14. The issue regarding the powers of the Court to stay enforcement of award under the Act, 1996 was also discussed by the Hon’ble Bombay High Court(“BHC”) in the case of PFS Shipping (India) Limited v V.K. Gupta and Ors. 2016 SCC OnLine Bom 10048.The court in this case held that Section 36(3) clearly indicates that the court has been granted discretion to consider security required to be furnished by the petitioner seeking stay or whether stay has to be granted unconditionally, or on furnishing such security so as to secure part of the claim depending on the facts and circumstances of each case.


15. The court further held that although Section 36 requires the court to give due regard to the provisions for grant of stay of money decree under the CPC, "in appropriate cases, the court can grant stay even on the petitioner furnishing security to secure part of the awarded amount or may grant unconditional stay depending upon the facts and circumstances of each case". The Court observed that if the award is prima facie perverse and contrary to law, the petitioner need not be directed to deposit the entire amount stated in the award.


16. A similar issue came up before a division bench of the BHC in the case of Ecopack India Paper Cup Pvt. Ltd. v Sphere International, 2018 SCC OnLine Bom 540 wherein the BHC held that when the Court considers an application for stay of the arbitral award for payment of money, no doubt the Court would be required to consider the principles under the provisions of Order 41 Rule 5. Section 36, however, shows that the jurisdiction conferred on the court is a discretionary one, and would be required to be exercised after taking into consideration the facts and circumstances of the case. It is pertinent to note that the BHC exercised its discretion and granted an unconditional stay in execution of the interim award as they were prima facie convinced that the award was improper.


17. The prime example of the Court encountering situations to exercise its discretion in requiring parties to deposit the award amount before the court became relevant during the times of COVID-19, wherein parties suffered serious cash flow issues. It is pertinent to note that such discretion was exercised not under any extra-ordinary inherent power of the High Court but under the powers available under Section 36 of the Act. Reference may be made to the judgment of the Steel Authority of India Limited v. Tata Projects Limited.


18. The Calcutta High Court (“CHC”) in Kolkata Metropolitan Development Authority v. South City Projects held that the proviso to Section 36(3) of the Arbitration Act stipulates that the court shall, while considering the application for grant of stay in the case of an arbitral award for the payment of money, have due regard to the provisions of the CPC. It also held that while exercising powers under Section 36(3) of the Arbitration Act, the court is not bound by the provisions of order 41 Rule 5 of the CPC. It further held that under Section 36(3) of the Arbitration Act, the court can require a party to furnish such security as it deems appropriate. However, the court must give reasons for such orders.[3]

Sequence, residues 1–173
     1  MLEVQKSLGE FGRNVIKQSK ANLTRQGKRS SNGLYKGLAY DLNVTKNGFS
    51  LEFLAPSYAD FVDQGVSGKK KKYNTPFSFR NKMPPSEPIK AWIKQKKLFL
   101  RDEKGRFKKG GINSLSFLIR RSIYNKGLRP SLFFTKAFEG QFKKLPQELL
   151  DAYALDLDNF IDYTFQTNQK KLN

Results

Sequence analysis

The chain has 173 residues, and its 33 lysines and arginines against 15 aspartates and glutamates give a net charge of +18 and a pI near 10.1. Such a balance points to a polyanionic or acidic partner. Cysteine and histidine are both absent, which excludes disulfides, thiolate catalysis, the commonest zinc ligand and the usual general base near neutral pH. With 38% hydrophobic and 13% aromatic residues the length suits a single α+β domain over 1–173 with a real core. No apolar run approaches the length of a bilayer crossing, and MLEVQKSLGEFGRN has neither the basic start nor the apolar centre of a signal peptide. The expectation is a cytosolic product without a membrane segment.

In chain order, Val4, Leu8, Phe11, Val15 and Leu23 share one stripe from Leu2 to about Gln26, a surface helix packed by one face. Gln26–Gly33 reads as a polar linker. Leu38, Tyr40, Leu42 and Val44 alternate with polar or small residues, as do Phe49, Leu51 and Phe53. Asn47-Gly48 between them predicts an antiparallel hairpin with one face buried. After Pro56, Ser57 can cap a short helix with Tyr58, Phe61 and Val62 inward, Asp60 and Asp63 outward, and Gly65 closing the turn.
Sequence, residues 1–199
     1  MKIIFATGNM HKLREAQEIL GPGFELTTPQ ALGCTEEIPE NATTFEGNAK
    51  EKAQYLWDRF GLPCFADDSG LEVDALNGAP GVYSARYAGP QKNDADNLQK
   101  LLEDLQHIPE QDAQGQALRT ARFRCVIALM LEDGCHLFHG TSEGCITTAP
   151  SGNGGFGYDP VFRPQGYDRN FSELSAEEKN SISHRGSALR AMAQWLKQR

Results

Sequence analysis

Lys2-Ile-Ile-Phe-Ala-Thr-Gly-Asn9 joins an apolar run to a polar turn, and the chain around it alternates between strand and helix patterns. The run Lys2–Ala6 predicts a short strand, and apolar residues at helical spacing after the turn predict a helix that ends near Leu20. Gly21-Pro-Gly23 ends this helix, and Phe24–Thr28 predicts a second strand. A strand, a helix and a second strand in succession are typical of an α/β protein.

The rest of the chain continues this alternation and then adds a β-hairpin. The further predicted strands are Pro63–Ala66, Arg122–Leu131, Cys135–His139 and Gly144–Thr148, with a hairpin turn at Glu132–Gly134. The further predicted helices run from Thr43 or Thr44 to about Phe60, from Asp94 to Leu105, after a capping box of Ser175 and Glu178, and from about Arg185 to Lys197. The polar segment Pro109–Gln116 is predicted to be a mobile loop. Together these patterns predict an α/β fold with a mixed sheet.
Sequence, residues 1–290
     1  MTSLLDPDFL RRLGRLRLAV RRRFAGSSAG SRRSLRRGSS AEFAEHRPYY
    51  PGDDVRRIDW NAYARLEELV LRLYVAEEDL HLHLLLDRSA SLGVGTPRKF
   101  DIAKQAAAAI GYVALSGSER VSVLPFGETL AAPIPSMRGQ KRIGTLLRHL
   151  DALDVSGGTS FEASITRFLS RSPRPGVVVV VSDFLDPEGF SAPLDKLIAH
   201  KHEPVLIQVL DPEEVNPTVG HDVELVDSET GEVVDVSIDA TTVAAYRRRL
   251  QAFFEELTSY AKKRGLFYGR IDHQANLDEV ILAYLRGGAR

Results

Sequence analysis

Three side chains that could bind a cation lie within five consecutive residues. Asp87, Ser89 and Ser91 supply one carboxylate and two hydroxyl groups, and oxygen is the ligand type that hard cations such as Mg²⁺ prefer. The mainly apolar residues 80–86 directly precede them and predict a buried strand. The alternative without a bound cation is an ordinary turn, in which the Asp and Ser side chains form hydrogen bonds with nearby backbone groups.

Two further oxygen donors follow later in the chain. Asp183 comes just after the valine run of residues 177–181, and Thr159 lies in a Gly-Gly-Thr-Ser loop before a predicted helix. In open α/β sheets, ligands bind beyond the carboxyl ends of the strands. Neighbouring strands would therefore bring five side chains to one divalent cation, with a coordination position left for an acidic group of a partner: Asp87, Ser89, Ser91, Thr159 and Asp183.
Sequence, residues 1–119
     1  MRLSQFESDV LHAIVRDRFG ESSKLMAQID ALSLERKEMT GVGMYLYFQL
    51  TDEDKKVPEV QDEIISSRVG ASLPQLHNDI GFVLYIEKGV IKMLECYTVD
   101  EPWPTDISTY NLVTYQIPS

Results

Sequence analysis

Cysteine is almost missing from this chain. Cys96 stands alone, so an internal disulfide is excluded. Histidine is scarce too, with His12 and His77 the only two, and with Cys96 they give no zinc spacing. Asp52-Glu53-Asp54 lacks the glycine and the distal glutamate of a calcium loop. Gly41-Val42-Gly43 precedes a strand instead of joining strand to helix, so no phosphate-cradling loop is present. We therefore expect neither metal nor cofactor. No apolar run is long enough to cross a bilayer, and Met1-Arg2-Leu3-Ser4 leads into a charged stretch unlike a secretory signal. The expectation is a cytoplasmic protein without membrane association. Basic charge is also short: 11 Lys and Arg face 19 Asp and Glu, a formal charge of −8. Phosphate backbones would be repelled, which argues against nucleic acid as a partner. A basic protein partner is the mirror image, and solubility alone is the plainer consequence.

19. The Court also made an interesting note that Order 41 Rule 5 would be applicable in principle to an appeal preferred under Section 37 of the Arbitration Act i.e. when a Section 34 challenge has been dismissed. In this case the respondent not only prayed for deposit of money in accordance with CPC but also sought relief for withdrawal of amount out of such deposit. The Court rejecting this contention held that such withdrawal can be permissible at Section 37 of the Arbitration Act, appeal stage but not when a section 34 challenge is pending. The CHC while referring to the dictum of Allahabad HC in Kanpur Jal Sansthan v. M/s Bapu Construction wherein the withdrawal of 50% out of the deposit money at the stage of Section 37 of the Arbitration Act, was permitted held that once a challenge under section 34 of the Arbitration Act fails, the award becomes enforceable as decree. Appeals against order rejecting Section 34 of the Arbitration Act application lies to appellate Court under Order 41 CPC and therefore withdrawal out of deposit amount may be permitted at Section 37 stage but not at Section 34 stage. The Court further held that while considering an application under Section 36(3) of Arbitration Act, the court is still examining challenge to the award under Section 34 of the Arbitration Act. However, under Section 37 of the Arbitration Act, the award has already become a decree of Court.